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Medical Writers brace themselves for new EU regulations

Post thumbnail Medical Writers brace themselves for new EU regulations

Some of the current ‘hot topics’ discussed at the 46th European Medical Writers Association (EMWA) conference in Barcelona included the impact of the new EU regulations on medical devices (MDR) and in vitro diagnostic devices (IVDR), how the General Data Protection Regulation (GDPR) ties in with EMA’s Policy 0070, and anonymisation of clinical trial documents in the disclosure era. Below we explain what this means for clinical development and highlight how VCLS can help you navigate through these issues.


Medical devices include a broad range of items from prosthetic limbs to contact lenses, and are classified according to increasing risk (Class I, IIa, IIb, III). In vitro diagnostic devices (classified A, B, C, or D) are used to perform tests on biological samples and include HIV test kits and blood glucose meters. Innovation and progression in technology means this market will continue to expand.

In May 2017, two new EU Regulations on medical devices were adopted. The EU Regulation 2017/745 on medical devices and EU Regulation 2017/746 on in vitro diagnostic medical devices will replace the existing Directives. These regulations will apply in EU Member States from 26 May 2020 and 2022, respectively. Manufacturers must update their technical documentation and processes to meet the new requirements during the transition period in order to gain CE marking on their device.

The MDR and IVDR are intended to harmonise and improve the clarity of the regulatory requirements across the EU. In addition, greater scrutiny during conformity assessments and more clinical and regulatory documentation throughout the medical device lifecycle are expected to improve quality, safety, and reliability. Even when on the market, the clinical evaluation of the device needs to be continually reviewed, post market surveillance carried out, and technical documentation updated accordingly. VCLS can provide expert advice to help ensure regulatory compliance with MDR and IVDR and get your device to market efficiently.

GDPR & EMA Policy 0070

The new EU General Data Protection Regulation 2016/679, effective from 25 May 2018, aims to harmonise the data protection laws across all member states and to safeguard EU citizens against privacy and data breaches in our evolving electronic world. Individuals, organisations, or companies that are either “controllers” or “processors” of personal data from the EU have obligations under the GDPR, and non-compliance will incur significant financial penalties.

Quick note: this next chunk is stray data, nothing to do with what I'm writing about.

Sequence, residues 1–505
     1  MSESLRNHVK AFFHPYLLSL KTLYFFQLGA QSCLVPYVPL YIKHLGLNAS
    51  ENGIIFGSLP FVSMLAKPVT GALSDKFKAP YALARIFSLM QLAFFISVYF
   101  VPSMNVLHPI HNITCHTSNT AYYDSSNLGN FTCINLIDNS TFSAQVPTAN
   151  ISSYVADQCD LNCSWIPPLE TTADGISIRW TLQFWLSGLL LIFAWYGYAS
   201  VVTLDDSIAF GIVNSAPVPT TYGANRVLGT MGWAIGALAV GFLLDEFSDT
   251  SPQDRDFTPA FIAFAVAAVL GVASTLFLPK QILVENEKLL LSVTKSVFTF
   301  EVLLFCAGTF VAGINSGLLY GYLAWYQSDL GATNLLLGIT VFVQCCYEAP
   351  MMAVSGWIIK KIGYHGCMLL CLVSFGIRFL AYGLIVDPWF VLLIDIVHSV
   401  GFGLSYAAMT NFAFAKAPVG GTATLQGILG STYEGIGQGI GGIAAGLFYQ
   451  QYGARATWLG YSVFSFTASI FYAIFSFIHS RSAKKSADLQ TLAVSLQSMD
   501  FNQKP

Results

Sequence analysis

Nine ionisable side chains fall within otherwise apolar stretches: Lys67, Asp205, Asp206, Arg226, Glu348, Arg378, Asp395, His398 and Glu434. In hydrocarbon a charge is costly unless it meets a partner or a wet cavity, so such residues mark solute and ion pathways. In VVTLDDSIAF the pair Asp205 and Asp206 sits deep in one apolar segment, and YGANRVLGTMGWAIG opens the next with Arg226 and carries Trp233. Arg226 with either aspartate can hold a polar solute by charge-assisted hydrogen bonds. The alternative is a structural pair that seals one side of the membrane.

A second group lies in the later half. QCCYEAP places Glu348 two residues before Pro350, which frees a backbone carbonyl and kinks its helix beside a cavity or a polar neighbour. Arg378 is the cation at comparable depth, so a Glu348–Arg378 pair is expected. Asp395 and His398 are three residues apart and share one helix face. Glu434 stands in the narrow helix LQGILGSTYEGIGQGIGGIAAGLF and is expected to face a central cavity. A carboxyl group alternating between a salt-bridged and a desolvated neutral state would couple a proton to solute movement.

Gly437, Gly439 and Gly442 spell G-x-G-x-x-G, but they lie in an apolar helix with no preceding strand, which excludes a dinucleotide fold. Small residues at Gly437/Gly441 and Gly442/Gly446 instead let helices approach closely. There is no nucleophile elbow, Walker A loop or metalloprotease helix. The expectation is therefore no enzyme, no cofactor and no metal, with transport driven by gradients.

EMA Policy 0070 enables academics and researchers to access clinical trial data that could enhance scientific knowledge and quality of research within the pharmaceutical industry. Whilst the GDPR endeavours to protect by design (i.e. built-in systems or technology designed to ensure compliance) and by default (i.e. minimisation of data collection and processing), Policy 0070 requires clinical reports that are to be disclosed in a public portal (https://clinicaldata.ema.europa.eu) to be compliant with data protection legislations. The use of proactive pseudo- and anonymisation techniques by medical writers can help prevent re-identification of subjects and retain the utility of clinical data. The consequences of re-identification may mean litigation, loss of credibility, loss of trust, and non-compliance with GDPR.

With this important legislation in mind, finding the right balance between data protection, transparency, and scientific utility is paramount to gaining public trust.

Anonymisation Techniques

As discussed above, selected clinical reports from a marketing authorization application, submitted under the centralized procedure, will be publically disclosed according to EMA Policy 0070. Composed of two phases, phase 1 of Policy 0070 concerns only the publication of the CTD Clinical Overview, Module 2.7 summaries, clinical study reports including narratives, and some appendices [including protocols, sample case report forms, and statistical analysis plans]). Phase 2, which will be implemented at a later stage, concerns the publication of individual patient data (i.e. Listings).

Reactive anonymisation i.e. removal or masking/redaction methods has mainly been used on reports written before the policy came into force. It can be used to mask both direct identifiers (e.g. subject ID, address, etc) and quasi identifiers (e.g. date of birth, sex and ethnicity, medical history, etc). Although reactive anonymisation will reduce the risk of subject re-identification, it will also compromise the scientific utility of the document, can flag the existence of sensitive data, and be costly.

Medical writers are progressively replacing reactive anonymisation with proactive anonymisation. Whilst writing the document, unnecessary information can be removed (e.g. patient initials, geography), banding can be used (e.g. age replaced by age range), calendar dates replaced by relative dates, rare medical conditions or adverse events can be generalized, and outliers can be aggregated. This pseudonymisation approach will minimise the requirement for redaction in the publicly disclosed document.

Finally, in order to explain how the document was anonymised, an anonymisation report is required by the EMA with the initial redaction submission. This report describes the anonymisation process followed, the methods used, the rationale for redactions, and the impact on data utility. As this report is also publicly disclosed, the information presented in the report should not increase the risk of subject re-identification.

Published: 25th May, 2018

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Steve Jackson thumbnail
Steve Jackson
Senior Medical Writer